5. My home is 100 years old.
    I have areas where the old paint is firmly attached and areas where it can be easily peeled or scraped.
    I remove and replace any rotted or heavily damaged wood.
    After carefully removing all loose paint and a light pass with sanding sponge I prime the old paint and bare wood with SW Oil Based All Surface Enamel primer.
    It dries fast. I typically wait 24 hours, then I then prime with water based SW Pro-Cryl.
    Then the final exterior paint coats.
    I’ve used this layering (which may be overkill) on both the house exterior and interior woodwork and so far it has held up nicely.

  6. Douglas fir wood windows to be painted. What is the best choice for paint? Two coats and primer?
    Thank you!

  7. I have Hurd windows that were not taken care of in a home we just purchased. The windows were varnished on the inside and from being left open the varnish has worn off in spots and molded. I have bleached them down and will have to sand the remaining varnish. What is a good paint to use on the interior of these windows? They will need priming and then painting. Thank you in advance for your help.

  8. Hi Scot,

    I’m refurbishing the windows in our 100 year old home and your site has been a great resource.

    I’ve removed all the previous coatings and we are back to a clean pine surface. The pine is quite dry.

    Do you use a primer under the Sher-Cryl?

    If so, what primer do you use?



      1. Forgive my ignorance, but if I am understanding your directions, i use an oil based primer under water based paint. That won’t be a problem?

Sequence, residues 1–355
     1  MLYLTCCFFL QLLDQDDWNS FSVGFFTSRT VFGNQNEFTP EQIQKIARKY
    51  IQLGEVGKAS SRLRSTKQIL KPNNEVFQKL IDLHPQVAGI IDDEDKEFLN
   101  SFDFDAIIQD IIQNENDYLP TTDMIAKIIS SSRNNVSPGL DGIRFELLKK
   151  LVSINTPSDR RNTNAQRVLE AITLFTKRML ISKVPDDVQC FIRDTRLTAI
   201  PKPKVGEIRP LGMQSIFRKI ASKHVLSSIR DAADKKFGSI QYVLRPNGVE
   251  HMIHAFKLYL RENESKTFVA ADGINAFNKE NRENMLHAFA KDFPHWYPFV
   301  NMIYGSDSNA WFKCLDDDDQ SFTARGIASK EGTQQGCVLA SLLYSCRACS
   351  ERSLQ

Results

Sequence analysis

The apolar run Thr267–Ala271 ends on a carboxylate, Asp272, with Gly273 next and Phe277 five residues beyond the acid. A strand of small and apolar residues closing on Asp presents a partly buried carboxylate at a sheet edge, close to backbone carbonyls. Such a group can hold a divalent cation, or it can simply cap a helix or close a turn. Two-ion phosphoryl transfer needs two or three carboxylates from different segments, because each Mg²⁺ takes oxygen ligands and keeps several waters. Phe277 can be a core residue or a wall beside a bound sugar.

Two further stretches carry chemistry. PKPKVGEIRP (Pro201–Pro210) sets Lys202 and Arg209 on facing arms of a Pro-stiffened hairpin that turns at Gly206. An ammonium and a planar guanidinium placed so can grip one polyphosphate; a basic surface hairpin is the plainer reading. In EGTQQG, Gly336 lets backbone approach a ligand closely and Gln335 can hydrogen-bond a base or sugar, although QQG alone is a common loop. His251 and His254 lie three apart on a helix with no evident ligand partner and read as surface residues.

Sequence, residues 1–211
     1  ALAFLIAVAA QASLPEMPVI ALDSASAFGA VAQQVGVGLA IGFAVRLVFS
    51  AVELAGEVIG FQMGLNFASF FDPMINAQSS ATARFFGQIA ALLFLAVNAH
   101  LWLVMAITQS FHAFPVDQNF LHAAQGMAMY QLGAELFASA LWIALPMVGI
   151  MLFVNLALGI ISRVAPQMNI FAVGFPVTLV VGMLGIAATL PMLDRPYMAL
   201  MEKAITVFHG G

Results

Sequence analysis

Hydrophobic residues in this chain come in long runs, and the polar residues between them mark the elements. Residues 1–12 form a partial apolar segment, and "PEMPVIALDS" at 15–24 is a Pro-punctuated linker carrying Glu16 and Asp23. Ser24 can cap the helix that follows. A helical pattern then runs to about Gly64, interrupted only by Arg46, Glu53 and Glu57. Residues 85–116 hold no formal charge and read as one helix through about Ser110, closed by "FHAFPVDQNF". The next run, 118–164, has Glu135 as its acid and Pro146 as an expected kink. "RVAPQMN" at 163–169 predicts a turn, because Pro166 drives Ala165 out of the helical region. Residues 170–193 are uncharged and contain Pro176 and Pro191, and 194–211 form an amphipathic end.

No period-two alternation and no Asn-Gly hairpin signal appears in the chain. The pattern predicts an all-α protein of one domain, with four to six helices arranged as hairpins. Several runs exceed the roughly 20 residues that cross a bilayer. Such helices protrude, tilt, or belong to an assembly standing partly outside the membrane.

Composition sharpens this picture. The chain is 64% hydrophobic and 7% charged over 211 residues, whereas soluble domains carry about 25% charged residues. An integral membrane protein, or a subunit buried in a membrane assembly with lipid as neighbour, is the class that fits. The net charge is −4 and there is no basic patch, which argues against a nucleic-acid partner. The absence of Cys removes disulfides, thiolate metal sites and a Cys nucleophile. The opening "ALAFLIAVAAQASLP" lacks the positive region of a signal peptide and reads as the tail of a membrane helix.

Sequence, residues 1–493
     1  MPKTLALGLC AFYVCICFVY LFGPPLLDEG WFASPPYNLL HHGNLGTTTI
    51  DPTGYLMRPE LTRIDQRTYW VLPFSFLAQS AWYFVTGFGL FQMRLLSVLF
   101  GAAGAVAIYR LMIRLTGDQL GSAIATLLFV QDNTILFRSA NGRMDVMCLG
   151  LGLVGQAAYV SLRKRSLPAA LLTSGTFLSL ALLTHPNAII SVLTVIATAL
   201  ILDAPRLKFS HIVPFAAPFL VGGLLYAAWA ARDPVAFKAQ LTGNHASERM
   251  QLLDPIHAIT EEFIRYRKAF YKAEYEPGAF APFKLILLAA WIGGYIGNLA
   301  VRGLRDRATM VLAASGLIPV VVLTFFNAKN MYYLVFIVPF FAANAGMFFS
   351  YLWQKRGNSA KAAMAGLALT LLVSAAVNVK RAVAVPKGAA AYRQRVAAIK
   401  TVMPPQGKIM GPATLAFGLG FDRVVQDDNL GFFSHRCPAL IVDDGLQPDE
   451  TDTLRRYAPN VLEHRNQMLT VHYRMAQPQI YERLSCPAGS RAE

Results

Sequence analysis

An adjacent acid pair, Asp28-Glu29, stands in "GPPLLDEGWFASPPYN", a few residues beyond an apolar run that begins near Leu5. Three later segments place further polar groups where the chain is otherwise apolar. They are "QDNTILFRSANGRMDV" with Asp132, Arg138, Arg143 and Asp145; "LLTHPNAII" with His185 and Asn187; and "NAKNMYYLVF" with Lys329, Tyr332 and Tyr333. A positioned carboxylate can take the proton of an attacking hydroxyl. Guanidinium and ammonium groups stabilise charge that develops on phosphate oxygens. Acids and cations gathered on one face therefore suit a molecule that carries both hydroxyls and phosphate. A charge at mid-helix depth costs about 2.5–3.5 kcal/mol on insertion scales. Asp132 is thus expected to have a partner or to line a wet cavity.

9. I don’t see where you say WHY acrylic is better for exterior window painting… I thought that when exposed to daylight yellowing isn’t an issue on oil, and that nothing beats oil on exterior surfaces?

    Would you clarify please?

  10. Are there any VOC concerns to keep in mind when using these enamel paints you recommend?

    By the way, I totally think your approach to this issue is right on, I’ve worried about “tackiness” of latex paint for my window project.

  11. Just a couple of questions regarding primer and paint:

    1. We are in the midst of restoring our old wood windows and had a contractor (who was going to make replica windows) tell us that they recommend two coats of oil-based primer beneath a coat of latex paint. Do you have any experience with this? We’re hoping that just one coat will suffice since we’re expecting to have to do two coats of paint for proper coverage (even with quality paint). We’re doing a dark color over cream.